Package of problems

## Solution

### Two points on the axis

Using GeoGebra, plot two points $A$ and $B$ on the $x$-axis of a graph. Can you instruct GeoGebra to draw a quadratic which passes through both of them?

Here is a solution:

We want the quadratic to pass through $A$ and $B$ on the $x$-axis. If we write the coordinates of these points as $A=(a,0)$ and $B=(b,0)$, we see that the roots of the quadratic must be $a$ and $b$.

A quadratic which has these roots is $y=(x-a)(x-b)$, so this is what we need.

To draw this in GeoGebra, we need to work out $a$ and $b$. We can do this by typing:

a = x(A)
b = x(B)
y = (x-a)(x-b)

or all in one go as:

y = (x-x(A))(x-x(B))

#### Taking it further

Developing this idea further, add a point $C$ to the $y$-axis. Can you make your quadratic pass through $A$, $B$ and $C$, like this?

Here is a solution:

In the first part of this problem, we found that one quadratic which passes through $A$ and $B$ has equation $y=(x-a)(x-b)$.

We could expand this to get $y=x^2-(a+b)x+ab$, and we see that the coefficient of $x^2$ is $1$.

There was no need for us to make this choice, though: we could choose any (non-zero) coefficient for $x^2$. So we could equally well have used $y=k(x-a)(x-b)$ as our equation, as this also passes through $A$ and $B$ on the $x$-axis.

This new quadratic crosses the $y$-axis where $x=0$; substituting in $x=0$ shows that the intercept is at $(0,kab)$. As we want it to cross the $y$-axis at $C(0,c)$, we choose $k$ so that $kab=c.$ This can easily be rearranged to get $k=\dfrac{c}{ab}$.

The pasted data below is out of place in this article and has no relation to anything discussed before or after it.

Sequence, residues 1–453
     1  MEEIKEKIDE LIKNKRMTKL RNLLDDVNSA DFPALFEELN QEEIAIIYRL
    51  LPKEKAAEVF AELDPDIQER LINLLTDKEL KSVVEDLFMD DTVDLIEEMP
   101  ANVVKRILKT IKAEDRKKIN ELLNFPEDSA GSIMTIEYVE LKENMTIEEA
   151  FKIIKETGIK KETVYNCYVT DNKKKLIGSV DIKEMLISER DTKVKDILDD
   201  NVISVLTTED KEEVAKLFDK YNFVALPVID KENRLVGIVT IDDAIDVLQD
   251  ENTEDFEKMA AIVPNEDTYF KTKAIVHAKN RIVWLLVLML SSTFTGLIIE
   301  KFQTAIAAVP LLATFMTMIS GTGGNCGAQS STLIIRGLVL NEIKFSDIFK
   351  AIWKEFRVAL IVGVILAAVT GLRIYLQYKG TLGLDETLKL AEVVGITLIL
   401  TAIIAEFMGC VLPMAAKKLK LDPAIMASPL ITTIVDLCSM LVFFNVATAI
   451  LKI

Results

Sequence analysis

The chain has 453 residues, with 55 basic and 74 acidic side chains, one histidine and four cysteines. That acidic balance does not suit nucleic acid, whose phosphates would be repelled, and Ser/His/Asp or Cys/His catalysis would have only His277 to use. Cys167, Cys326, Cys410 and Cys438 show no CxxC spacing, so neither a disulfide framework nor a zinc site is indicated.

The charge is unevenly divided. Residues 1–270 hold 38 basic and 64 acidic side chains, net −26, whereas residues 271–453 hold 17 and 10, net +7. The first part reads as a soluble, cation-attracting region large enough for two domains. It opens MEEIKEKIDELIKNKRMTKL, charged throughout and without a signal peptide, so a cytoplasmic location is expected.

We can therefore specify the whole quadratic to GeoGebra as

y = y(C)/(x(A)*x(B)) * (x-x(A))(x-x(B))

We are assuming here that $ab\ne0$. If $ab=0$, this means that either $A$ or $B$ lies at the origin, and it is not going to be possible for the quadratic to then pass through both $A$ and $B$ along with $C$.

The one exception is if $C$ also lies at the origin. In this case, we have $k=0/0$, which is not defined. And geometrically, in this situation, we are only specifying where the quadratic crosses the $x$-axis, so there are many possibilities for the quadratic.

### One point as the vertex

On a new graph, plot a point $A$. Can you instruct GeoGebra to draw a quadratic which has its vertex at $A$?

Here is a solution:

Since we are thinking about the vertex of the quadratic, it makes most sense to work with the completed square form of the quadratic: $y=(x-a)^2+c.$ This has its vertex at $(a,c)$.

So if we write the coordinates of point $A$ as $(a_1, a_2)$, our quadratic could be $y=(x-a_1)^2+a_2.$

In GeoGebra terms, we can type this in as either:

a1 = x(A)
a2 = y(A)
y=(x-a1)^2+a2

or all in one go as

y=(x-x(A))^2+y(A)

#### Taking it further

Developing this idea further, add a point $B$ to the $y$-axis. Can you make your quadratic have its vertex at $A$ and pass through $B$, like this?

Here is a solution:

In the first part of this problem, we found that one quadratic which passes through $A$ has equation $y=(x-a_1)^2+a_2$.

As we noted in the “taking it further” part of question 1 above, there was no need for us to make the coefficient of $x^2$ equal to $1$. We could equally well have used $y=k(x-a_1)^2+a_2$ for any choice of $k$, for this also has its vertex at $A(a_1,a_2)$.

This new quadratic crosses the $y$-axis where $x=0$, so at $(0,ka_1^2+a_2)$. As we want it to cross the $y$-axis at $B(0,b_2)$ (where $B$ has coordinates $(0,b_2)$, we will choose $k$ so that $ka_1^2+a_2=b_2.$ This can easily be rearranged to get $k=\dfrac{b_2-a_2}{a_1^2}$.

We can specify this to GeoGebra all in one go as

y = (y(B)-y(A))/(x(A)^2) * (x-x(A))^2 + y(A)

As in question 1, we are assuming that $a_1\ne0$. What would happen if $a_1=0$?

### Any three points

The final (very hard) challenge: plot three points $A$, $B$ and $C$ anywhere on the graph, and draw a quadratic passing through these three points, like this:

Here is a solution:

We write $A(a_1,a_2)$, $B(b_1,b_2)$ and $C(c_1,c_2)$ as in the suggestion.

Is there more than one quadratic you could draw?